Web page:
Rita Ishmael (middle) and her family relocated to Wood Village for cheaper rent. “I moved thinking I was coming to a better world,” she says, “but I came to the same thing and worse.”

RITA ISHMAEL GREW UP IN AN APARTMENT WHERE now sits Memorial Coliseum’s side entrance. After their building was torn down in the late 1950s for the coliseum in one of Portland’s earliest waves of urban renewal, her family moved often, she says, because they were poor. She finally left Northeast in 2001, after several years in an apartment full of mildew, mice, and roaches that was broken into several times—where rent went up but nothing got fixed. She now lives in a single-story apartment complex in Wood Village, out past NE 232nd Avenue, with her husband and granddaughter. The carpet’s wrinkled, the heater’s broken, and dents in the door recall an aborted break-in attempt. Every Sunday, when it’s not too cold, she drives to Emmanuel Church. She’s long sung in the choir, but at age 64 her health now prevents it—though she hopes to get back to it sometime. When her car’s broken, she makes a two-bus, one-hour-plus commute.

Ishmael doesn’t know her predominantly Hispanic neighbors. No one comes to visit.

“I moved thinking I was coming to a better world,” she says, “but I came to the same thing and worse.”

While some of Portland’s African American population has scattered to Vancouver, Beaverton, St. Johns, and Hillsboro, most who have moved went east of 82nd Avenue, to the region colloquially known as “The Numbers.” The black population in East Portland alone grew 151 percent between 1990 and 2010, and the number of subsidized renters more than doubled in some areas, since rents are cheapest out east. “Places where we could never live—Gresham, East Portland—where no one would rent to us, now we call that ‘the new ghetto,’” says Roberta Tyler, who traverses the region every Sunday behind the wheel of the Highland Christian Center’s van.

Despite this mass migration eastward, virtually none of the African American community’s infrastructure followed it. Businesses that still cater specifically to blacks largely remain in Albina, meaning people must commute back to get their hair done, to visit restaurants that serve the food they grew up with, even to find nylons that match their skin tone. Culturally specific social and medical services haven’t followed, either. The commutes often come at a great cost for isolated, low-income people, if they can make them at all.

“I’m diabetic, I have to get to Emanuel Hospital regularly, but I don’t drive,” says Carolyn Anderson, who lives in a small duplex near SE 82nd Avenue and Holgate Boulevard. “TriMet cut bus times, which affects how I get to doctor appointments. I’m alone. If something happens to me, I don’t want to think what would happen.”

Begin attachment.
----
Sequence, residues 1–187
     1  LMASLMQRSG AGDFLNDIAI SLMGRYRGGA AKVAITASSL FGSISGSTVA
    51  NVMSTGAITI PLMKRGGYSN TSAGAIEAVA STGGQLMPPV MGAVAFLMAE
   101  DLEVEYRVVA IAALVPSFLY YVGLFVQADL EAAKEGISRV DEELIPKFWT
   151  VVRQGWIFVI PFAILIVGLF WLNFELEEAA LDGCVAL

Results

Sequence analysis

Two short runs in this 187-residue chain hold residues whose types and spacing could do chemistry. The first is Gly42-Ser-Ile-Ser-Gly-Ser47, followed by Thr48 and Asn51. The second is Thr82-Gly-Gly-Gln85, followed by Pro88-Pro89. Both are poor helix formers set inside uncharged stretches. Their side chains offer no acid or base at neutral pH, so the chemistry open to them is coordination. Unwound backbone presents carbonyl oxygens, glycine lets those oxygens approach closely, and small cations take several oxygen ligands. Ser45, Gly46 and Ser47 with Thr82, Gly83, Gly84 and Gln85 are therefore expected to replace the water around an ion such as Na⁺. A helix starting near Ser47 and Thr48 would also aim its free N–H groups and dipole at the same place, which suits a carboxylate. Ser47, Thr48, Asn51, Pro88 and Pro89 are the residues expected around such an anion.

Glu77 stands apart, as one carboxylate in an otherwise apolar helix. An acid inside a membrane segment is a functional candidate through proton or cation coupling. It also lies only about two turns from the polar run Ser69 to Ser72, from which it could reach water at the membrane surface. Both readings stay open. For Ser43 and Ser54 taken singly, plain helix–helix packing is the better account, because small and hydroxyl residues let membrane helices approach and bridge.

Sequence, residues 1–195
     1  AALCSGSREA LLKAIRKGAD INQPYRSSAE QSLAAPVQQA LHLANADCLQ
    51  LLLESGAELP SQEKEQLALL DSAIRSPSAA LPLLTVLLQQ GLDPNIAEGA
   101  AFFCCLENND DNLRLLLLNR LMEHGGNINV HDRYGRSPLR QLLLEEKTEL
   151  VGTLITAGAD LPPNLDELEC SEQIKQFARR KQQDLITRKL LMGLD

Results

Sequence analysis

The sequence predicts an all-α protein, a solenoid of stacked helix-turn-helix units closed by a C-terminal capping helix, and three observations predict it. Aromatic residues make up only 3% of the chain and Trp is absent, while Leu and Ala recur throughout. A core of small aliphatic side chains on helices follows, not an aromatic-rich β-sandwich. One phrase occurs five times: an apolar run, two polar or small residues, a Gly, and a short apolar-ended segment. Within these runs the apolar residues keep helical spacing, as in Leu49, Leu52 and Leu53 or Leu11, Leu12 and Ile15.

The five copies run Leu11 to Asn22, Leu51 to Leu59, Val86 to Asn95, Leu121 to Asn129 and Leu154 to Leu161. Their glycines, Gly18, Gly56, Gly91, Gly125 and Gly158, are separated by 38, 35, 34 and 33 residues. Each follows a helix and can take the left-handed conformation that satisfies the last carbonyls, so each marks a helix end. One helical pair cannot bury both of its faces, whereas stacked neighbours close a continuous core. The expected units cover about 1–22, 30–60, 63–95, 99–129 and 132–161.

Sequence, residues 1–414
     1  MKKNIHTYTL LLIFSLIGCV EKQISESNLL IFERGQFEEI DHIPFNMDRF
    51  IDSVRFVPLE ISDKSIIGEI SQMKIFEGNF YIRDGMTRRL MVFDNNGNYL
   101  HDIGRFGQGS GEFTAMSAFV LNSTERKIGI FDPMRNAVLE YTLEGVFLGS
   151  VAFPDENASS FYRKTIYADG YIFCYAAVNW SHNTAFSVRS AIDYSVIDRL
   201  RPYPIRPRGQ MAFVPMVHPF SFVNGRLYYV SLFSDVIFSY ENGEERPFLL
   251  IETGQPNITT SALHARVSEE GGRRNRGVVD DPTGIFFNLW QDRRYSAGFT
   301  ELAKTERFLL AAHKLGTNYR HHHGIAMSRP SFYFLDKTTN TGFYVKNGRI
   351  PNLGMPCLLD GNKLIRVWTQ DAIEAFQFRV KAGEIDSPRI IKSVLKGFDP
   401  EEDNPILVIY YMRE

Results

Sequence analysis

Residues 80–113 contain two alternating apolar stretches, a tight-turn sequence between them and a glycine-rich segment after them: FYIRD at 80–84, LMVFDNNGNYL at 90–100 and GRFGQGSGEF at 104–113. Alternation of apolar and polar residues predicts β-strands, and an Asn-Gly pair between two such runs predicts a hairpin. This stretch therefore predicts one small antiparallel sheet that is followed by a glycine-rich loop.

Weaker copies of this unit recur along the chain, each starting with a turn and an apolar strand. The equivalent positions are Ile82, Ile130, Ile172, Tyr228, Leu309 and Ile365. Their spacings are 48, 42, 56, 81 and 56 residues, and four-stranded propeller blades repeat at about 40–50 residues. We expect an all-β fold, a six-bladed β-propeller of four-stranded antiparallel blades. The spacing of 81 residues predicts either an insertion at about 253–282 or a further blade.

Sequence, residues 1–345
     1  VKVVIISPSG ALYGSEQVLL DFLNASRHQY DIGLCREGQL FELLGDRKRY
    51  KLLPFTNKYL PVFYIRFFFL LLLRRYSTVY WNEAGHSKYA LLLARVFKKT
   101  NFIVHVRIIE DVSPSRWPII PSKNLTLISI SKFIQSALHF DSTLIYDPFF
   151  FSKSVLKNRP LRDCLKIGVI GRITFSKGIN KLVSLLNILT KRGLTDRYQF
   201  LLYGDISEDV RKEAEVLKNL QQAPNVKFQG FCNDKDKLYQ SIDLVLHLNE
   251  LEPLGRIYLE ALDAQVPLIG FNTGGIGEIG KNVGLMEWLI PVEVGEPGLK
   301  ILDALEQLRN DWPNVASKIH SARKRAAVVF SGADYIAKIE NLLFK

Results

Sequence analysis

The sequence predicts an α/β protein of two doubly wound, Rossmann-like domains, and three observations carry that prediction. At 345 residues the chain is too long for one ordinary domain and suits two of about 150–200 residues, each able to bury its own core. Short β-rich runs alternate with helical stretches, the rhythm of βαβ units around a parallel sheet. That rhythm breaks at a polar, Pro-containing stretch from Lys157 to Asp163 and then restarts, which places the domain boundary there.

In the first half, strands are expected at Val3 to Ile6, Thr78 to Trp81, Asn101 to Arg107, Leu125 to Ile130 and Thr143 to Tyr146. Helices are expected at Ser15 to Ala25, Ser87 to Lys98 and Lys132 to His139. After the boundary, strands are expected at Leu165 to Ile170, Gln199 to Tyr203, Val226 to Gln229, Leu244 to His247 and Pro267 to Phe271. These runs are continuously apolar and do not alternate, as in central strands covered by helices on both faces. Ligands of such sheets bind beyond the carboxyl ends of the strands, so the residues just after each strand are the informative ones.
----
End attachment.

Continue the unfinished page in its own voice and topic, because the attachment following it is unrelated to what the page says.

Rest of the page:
Black students find themselves a small minority in East Portland schools, where teachers and administrators can lack cultural competency skills, and where black history and black role models often go missing. One of Ishmael’s fellow choir members, Annoh, tells the story of how a school principal in East Vancouver called her in several years ago because her sons had afros. “‘When I see the way they look, I think gang members,’” Annoh recalls the principal telling her. “I said, ‘Oh, no, they’re not gang members, but I can get you some if you want to see the difference. The problem is you don’t know the difference between being ethnic and being a gang member.’”

The ramifications are real: in 2010, only 47.5 percent of African American students graduated high school in Multnomah County—the number was as low as 38.5 percent for the Gresham Barlow District—and black students were more than twice as likely to be expelled or drop out as their white peers. Dismal graduation rates don’t mean that black kids are uneducatable, says Ann Curry-Stevens, the researcher behind the report “Communities of Color in Multnomah County: An Unsettling Profile.” “It means that the context in which they’re educated matters.”

Portland’s history of poor dealings with its African American population has deep roots and seemingly perennial blooms. In 1859, Oregon became the first state to enter the union with an exclusion law barring African Americans from residing, working, and voting in the state. In the 1950s and ’60s, Portland’s earliest urban renewal projects bulldozed hundreds of houses, along with lower Albina’s teeming black business core, for Memorial Coliseum and Emanuel Hospital. Even as late as 1990, the Oregonian exposed a form of “redlining” by banks and lenders who purposely denied African Americans loans to buy homes in North and Northeast Portland.

Yet that history goes largely unmentioned in the many national magazines and urban planning seminars lauding Portland as one the nation’s most desirable and politically progressive places to live, with the new Albina’s lively mix of indie culture and aspiring middle class often central to the city’s image. Three decades of liberal leadership under mayors Bud Clark, Vera Katz, Tom Potter, and Sam Adams has even led to claims that Portland is “postracial.” But that laurel of livability at best ignores and at worst comes at the expense of a black community struggling to hang together against decades of neglect, discrimination, and racism—institutional and interpersonal, overt and tacit.

“We’re not postracial when comparisons between white Portland and African American Portland are so disparate, especially when you measure it against our self-proclaimed values as an equitable and livable city,” says Mayor Sam Adams. “That is not postracial; that is denial.”